Foreign affairs professionals have faced disease, disaster, war, and terrorism over the last 234 years. How secure should today's officers be?
John Norris writes about the astonishing amount of food the world wastes every year and asks why it's so hard to cut down on leftovers, save the environment, and feed the hungry.
The Department of State, Department of Defense, and USAID need greater co-operation to tackle conflict and poverty in the world.
A small gaggle of thick-headed Republicans could derail the entire global economy for a decade.
American citizens are not just hesitant about intervention in Syria but in foreign intervention in any country.
How America is exporting its obesity epidemic.
No contento con exterminar lentamente a la oposición y continuar la despoblación masiva de su país, el presidente sirio, Bashar Assad, aparentemente se vio obligado a lanzar un flagrante ataque con armas químicas en un suburbio de Damasco que mató a cientos, si no miles. Si este tipo de comportamiento de supervillano le suena familiar, […]
Why dictators like Assad just can't quit while they're ahead.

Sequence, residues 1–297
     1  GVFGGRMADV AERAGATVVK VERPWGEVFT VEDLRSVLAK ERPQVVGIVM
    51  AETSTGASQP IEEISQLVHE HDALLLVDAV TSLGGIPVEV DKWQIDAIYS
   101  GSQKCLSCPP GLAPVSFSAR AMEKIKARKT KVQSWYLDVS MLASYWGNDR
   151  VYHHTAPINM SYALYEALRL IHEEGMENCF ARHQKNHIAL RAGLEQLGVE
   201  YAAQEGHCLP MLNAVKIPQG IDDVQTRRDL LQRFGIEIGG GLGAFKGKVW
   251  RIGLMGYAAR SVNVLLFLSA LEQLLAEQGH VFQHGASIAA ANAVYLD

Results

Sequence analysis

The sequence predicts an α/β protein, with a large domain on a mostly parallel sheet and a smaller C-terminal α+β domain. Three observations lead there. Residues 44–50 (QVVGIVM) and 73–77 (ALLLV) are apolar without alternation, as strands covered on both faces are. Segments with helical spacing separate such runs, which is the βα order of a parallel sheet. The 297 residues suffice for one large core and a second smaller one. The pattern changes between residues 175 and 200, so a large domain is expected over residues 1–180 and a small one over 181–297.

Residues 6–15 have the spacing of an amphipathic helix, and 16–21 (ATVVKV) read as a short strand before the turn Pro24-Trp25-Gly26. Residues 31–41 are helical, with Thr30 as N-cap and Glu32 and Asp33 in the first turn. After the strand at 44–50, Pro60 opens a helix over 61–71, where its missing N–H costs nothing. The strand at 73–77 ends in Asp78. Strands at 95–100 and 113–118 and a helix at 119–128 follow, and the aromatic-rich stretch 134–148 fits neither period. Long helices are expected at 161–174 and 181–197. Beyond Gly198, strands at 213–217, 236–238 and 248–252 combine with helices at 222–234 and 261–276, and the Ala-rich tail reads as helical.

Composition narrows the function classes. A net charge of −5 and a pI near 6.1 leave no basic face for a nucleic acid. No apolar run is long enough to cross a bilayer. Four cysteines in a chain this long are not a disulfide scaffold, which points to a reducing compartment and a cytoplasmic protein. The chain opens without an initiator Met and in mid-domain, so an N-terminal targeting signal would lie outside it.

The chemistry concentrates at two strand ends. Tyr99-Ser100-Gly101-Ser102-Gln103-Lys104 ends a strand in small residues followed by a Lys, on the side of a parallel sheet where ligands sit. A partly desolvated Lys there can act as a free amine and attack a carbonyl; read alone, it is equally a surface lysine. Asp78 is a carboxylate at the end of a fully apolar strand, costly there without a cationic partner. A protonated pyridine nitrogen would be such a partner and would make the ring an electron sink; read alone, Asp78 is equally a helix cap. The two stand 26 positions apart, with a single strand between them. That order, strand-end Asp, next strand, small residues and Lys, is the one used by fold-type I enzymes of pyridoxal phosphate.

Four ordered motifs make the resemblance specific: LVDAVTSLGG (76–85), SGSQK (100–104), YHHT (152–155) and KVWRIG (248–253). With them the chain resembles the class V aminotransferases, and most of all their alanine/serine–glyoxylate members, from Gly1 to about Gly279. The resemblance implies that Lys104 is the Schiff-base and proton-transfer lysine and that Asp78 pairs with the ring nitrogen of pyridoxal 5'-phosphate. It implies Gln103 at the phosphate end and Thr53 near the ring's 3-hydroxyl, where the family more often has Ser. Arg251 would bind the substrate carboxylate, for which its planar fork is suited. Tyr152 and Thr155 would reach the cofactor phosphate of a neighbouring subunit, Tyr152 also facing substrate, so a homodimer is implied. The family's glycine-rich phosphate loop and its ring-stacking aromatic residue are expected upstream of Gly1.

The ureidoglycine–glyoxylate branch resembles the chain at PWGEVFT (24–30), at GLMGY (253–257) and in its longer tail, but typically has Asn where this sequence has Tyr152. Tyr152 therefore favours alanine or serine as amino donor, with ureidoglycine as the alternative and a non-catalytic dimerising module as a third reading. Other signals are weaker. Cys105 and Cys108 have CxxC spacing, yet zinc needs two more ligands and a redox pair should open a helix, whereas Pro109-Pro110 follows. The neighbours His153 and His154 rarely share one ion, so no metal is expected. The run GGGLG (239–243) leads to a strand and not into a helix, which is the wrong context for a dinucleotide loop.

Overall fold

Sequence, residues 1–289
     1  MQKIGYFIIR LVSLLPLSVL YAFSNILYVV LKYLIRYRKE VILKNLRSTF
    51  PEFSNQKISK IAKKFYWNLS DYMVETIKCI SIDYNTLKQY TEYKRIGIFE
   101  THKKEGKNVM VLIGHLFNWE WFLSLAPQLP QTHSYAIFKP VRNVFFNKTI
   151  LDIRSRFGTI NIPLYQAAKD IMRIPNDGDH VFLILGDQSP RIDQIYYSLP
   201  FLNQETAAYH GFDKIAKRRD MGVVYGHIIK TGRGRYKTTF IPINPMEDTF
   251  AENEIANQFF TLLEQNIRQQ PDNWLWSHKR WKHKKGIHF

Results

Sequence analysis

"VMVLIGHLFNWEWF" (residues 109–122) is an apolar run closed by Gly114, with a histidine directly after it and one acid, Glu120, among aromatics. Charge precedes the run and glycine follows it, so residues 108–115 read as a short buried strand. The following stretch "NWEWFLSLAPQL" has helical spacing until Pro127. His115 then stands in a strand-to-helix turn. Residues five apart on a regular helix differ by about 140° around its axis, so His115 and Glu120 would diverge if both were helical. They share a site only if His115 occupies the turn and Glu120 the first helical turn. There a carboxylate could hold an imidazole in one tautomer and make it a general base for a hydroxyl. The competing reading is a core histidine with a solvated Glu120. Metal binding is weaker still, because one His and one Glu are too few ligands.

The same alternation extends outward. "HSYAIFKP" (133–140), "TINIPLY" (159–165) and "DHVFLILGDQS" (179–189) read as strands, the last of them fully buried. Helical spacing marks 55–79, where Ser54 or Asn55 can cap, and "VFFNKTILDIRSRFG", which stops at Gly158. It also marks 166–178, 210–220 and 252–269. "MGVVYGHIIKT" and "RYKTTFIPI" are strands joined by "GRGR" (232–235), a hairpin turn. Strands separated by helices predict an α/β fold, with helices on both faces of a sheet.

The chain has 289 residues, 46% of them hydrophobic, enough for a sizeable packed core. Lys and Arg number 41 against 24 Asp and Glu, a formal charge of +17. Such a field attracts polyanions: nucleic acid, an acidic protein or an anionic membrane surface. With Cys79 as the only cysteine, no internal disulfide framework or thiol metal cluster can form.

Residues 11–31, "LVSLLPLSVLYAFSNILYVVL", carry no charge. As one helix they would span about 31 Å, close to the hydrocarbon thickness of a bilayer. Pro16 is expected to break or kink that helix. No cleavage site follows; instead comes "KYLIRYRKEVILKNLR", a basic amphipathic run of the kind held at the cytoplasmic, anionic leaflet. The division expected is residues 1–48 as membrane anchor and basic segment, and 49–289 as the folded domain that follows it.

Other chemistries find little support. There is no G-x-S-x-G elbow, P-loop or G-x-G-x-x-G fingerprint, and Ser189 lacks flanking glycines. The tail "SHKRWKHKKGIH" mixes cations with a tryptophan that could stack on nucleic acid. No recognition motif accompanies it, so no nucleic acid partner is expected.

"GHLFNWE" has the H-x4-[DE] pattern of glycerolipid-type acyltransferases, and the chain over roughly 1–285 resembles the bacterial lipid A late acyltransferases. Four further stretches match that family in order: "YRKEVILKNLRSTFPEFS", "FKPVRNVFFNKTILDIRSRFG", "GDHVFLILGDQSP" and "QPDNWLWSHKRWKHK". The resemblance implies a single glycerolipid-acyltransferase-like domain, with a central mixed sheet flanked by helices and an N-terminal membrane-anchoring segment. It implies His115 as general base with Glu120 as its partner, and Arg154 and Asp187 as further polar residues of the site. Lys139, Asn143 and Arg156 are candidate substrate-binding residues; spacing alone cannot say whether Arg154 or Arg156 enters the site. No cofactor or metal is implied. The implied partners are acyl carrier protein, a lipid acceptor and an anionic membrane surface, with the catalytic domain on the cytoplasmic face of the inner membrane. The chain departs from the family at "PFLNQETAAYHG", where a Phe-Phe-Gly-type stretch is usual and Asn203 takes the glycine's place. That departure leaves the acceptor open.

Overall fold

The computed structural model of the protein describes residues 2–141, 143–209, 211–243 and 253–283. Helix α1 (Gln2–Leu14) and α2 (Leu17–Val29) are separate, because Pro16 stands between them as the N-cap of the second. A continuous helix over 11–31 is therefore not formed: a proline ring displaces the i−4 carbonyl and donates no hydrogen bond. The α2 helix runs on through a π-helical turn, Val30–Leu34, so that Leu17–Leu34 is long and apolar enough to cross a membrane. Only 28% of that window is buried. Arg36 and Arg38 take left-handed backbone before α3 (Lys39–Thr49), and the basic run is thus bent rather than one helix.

The clock is ticking on the State Department's grand strategy review. Can John Kerry match his predecessor's record on the QDDR?
Issue Brief A series of seismic changes are fundamentally altering how we should think about the relationship between public and private flows targeted at promoting development.
John Norris takes a look back at Samantha Power's work during her tenure at the National Security Staff—namely, the Atrocities Prevention Board.
John Norris writes about the U.S. response to the current political situation in Egypt.
John Norris writes about why the U.N. goal to end extreme poverty by 2030 might be achievable.
There may be valid reasons to question the wisdom of reforming U.S. food aid. But saving the Merchant Marine isn't one of them.
John Norris discusses how the United States' differing approaches to Iraq and Syria have served to make our intentions unclear to the international community.